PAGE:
I hadn’t even grasped literary theory till I was well into the third year of my BA, and I had been immersed in English courses. I wasn’t totally persuaded that the youth of today were somehow more sophisticated thinkers. Half the eighteen year-olds I’d met were pretty sure a “meme” meant “internet cat picture.”
I didn’t complain too much, though. If theory, rhetoric and literature, in that order, was what they wanted, that is what they would get. And I knuckled under and tossed in a little Derrida, Foucault and Saussure with my punctuation tips. I must have done something right, because I’d been offered a full roster of courses for this, my second year at Grant MacEwan University.
I was just so happy to have courses to teach, I probably would have smiled and nodded and agreed to put in two weeks of Russian grammar. My stress nightmare around exam time had always been that I had somehow enrolled in Russian 100 and yet neglected to attend the course, but had to write the final. Once I began teaching, the nightmares had shifted to me having to teach Russian 100, with no facility for the language beyond the ability to say “thank you” and a vague grasp of the Cyrillic alphabet. In my dreams, I had not taught the class or indeed even found the classroom till the last week of term (somehow it was always situated behind the boiler room in the Biological Sciences Building) and I had to bring a very placid group of students, who had apparently continued to hopefully turn up each day, up to speed in time for the final.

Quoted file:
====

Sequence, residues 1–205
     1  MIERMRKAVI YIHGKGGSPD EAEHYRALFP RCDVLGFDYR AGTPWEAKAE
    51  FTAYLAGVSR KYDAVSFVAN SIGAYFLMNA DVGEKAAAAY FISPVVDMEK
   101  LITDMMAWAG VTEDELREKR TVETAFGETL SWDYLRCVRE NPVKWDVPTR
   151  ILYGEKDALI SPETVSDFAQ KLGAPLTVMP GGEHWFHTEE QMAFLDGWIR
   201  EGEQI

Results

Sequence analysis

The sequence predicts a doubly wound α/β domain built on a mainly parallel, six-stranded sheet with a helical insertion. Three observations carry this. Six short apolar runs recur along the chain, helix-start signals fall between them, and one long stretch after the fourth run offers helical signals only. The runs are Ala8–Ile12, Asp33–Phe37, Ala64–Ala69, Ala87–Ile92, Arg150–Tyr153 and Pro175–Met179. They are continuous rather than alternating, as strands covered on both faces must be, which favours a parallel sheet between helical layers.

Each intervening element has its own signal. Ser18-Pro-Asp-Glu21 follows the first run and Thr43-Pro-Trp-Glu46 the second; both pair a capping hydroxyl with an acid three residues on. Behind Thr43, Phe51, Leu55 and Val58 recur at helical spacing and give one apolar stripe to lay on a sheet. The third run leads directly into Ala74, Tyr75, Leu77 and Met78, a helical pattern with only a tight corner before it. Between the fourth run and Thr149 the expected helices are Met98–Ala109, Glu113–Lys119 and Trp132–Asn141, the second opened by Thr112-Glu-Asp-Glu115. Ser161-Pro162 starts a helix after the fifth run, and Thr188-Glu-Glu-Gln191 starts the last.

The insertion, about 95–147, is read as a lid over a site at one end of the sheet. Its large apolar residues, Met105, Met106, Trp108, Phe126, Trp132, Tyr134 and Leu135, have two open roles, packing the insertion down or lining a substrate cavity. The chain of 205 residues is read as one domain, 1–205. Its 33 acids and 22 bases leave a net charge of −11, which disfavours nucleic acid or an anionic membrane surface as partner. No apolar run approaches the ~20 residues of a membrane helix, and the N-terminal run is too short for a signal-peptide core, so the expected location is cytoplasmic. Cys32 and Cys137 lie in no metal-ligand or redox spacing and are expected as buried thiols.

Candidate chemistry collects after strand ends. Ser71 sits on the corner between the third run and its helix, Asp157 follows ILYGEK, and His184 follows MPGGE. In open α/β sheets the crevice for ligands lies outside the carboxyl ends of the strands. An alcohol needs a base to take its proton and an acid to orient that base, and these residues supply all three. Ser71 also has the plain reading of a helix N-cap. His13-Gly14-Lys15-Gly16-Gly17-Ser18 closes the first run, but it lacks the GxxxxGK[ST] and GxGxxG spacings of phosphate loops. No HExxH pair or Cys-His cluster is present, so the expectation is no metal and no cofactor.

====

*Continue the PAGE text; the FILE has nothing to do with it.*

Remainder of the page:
Nightmares where I was beholden to people always made me more anxious than ones where I was being chased by a knife-wielding maniac, and the Russian 100 dream never failed to wake me up sweating and shaking. There hadn’t been too much to cause nightmares otherwise. My friend Valerie was two doors down the hall, the Grant MacEwan English Department held full-scale meetings every second month, and the secretaries and the Chair, Katherine West, were always very helpful.
The nightmares had shifted to me having to teach Russian 100, with no facility for the language beyond the ability to say “thank you” and a vague grasp of the Cyrillic alphabet. -Another Margaret by Janice MacDonald
I taught three classes the first term and two the second. I was pretty sure that first year that my schedule was made up of the courses no one else wanted, since I had two 8 am classes, and a 3:30 till 5 pm class on Tuesdays and Thursdays. That made my break between classes those days six hours long, which was way more office hour timing than anyone required, but I was just so happy to get a foot back into the teaching door that I had agreed to the pickings. It seemed as if I had proved myself worthy, since I wound up with a nicer schedule this fall.